After missing several weeks due to traveling, I’m back with Six on Saturday. As always, check The Propagator’s blog for links to other garden bloggers who are also posting their six.
1. Lycoris radiata var. pumila (hurricane lily, red spider lily)
Hurricane lilies (really amaryllids, not true lilies) are so named because because they bloom in late summer–hurricane season in the southeastern United States. The classic heirloom bulb of southern gardens is Lycoris radiata var. radiata, a sterile triploid introduced from Japan in the mid 1800s. It blooms in late August, and my bulbs are still slumbering underground. L. radiata var. pumila is a fertile diploid, presumably the original wild type form native to China. For some reason, these plants consistently bloom a few weeks earlier than the triploids.
L. radiata is one of the winter-foliage Lycoris. Shortly after blooming it produces a rosette of leaves that persist all winter, dying back in late spring. Since the plant grows in winter, it is less hardy than the spring-foliage types like those I discussed in a previous Six on Saturday, and I’m not sure it would do well much further north than North Carolina.
2. Zephyranthes candida (white rain lily)
After dry weather for most of July, August has been quite wet, and the rain has induced several rain lily species to bloom. This is Zephyranthes candida, originally from southern South America but now more widely naturalized. Superficially, it resembles a smaller version of the piedmont native Z. atamasco, but while Z. atamasco blooms in spring, Z. candida–like many tropical Zephyranthes–blooms in summer a few days after rain.
3. Lobelia cardinalis (cardinal flower)
Lobelia cardinalis is native to the piedmont and can sometimes be found growing in sun or part shade along creeks or beside ponds. Hummingbirds absolutely love the flowers. These are volunteer plants originating from very tiny seed that drifted from a plant that I put in a flowerbed about twenty feet away. After several years, I now have about a dozen blooming plants. The best ones have taken root in wet soil at the point where the foundation and gutter drains empty, down-slope from the house. I have been thinking about building a pond or bog garden there, but for now it is just a wilderness of Japanese stiltgrass (Microstegium viminium), interspersed with these shocking red spikes.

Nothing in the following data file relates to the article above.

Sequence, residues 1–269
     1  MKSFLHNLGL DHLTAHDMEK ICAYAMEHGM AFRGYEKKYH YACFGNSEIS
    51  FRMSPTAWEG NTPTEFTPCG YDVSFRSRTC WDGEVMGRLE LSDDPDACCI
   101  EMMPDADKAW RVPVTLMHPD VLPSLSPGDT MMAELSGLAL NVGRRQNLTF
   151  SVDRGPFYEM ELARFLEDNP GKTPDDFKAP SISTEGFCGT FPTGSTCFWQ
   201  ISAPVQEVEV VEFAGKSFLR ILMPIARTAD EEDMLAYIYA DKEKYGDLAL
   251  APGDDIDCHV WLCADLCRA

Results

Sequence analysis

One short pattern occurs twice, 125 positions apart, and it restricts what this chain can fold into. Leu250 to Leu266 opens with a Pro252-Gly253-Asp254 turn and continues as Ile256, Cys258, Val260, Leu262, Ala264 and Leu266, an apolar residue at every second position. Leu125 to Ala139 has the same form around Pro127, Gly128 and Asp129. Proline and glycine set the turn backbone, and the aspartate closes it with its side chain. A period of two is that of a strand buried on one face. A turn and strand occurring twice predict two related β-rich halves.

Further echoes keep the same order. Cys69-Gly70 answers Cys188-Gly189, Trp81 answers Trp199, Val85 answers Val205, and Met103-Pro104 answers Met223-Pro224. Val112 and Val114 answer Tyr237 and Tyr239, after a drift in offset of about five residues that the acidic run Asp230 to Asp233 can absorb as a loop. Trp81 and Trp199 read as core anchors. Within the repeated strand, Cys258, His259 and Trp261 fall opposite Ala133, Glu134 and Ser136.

Last week, while we were on holiday in eastern Maine, I saw some wild plants blooming along a stream close to the Canadian border, about 600 miles (965 km) north of my garden in North Carolina. I find it interesting that the plants in both locations bloom at exactly the same time, despite the longer growing season and warmer temperatures here in the south.
4. Hedychium coronarium (white butterfly ginger)
This ginger from the foothills of the himalayas is probably the hardiest and most vigorous ornamental ginger for cultivation in the NC piedmont. The stems grow about 6′ (1.8 m) tall, and the fragrance of the flowers is amazing. Unlike my cannas, which look pretty ratty after being chewed on all summer long by Japanese beetles and canna leaf roller caterpillars, the foliage of this H. coronarium is always pristine.
5. Fuchsia ‘Sanihanf’
After my paternal grandfather retired, he grew fuchsias in his garden and greenhouse in Belfast, Northern Ireland. I wanted to remember grandpa by growing them in my garden too, but most fuchsias expire from the heat before spring is half over in North Carolina. This Japanese hybrid, which was advertised as heat tolerant, seems to be the real deal. I bought it in April 2016, so it has now survived two NC summers and continues to bloom even when the days are in the 90s (32-37 C) and nights don’t drop below 70 (21 C). It might survive the winter outside in a sheltered spot, but not wanting to risk it, I grow it in a hanging pot and keep it in the greenhouse in cold weather.
6. Lilium formosanum (Formosa lily)
Most L. formosanum bulbs produce a single stem topped with four or five flowers, but this plant has branched and re-branched to produce a large cluster of flowers. The stems are slightly flattened and wider than usual, so I think it may be abnormal fasciation (cresting).
I started with two bulbs about eight years ago, but every year I scatter seed around, and now there are flowering plants throughout the garden.
6b. flower crab spider (Thomisidae)
While trying to decide which photo of L. formosanum to use, I realized that I had inadvertently photographed a little white crab spider that was hiding inside one of the lily flowers. Some species can change color to match the flower they are sitting on and are capable of capturing quite large prey. I’m not sure if she would be strong enough to tackle one of the big sphinx moths that pollinate L. formosanum, but I have seen similar spiders ambush and consume swallowtail butterflies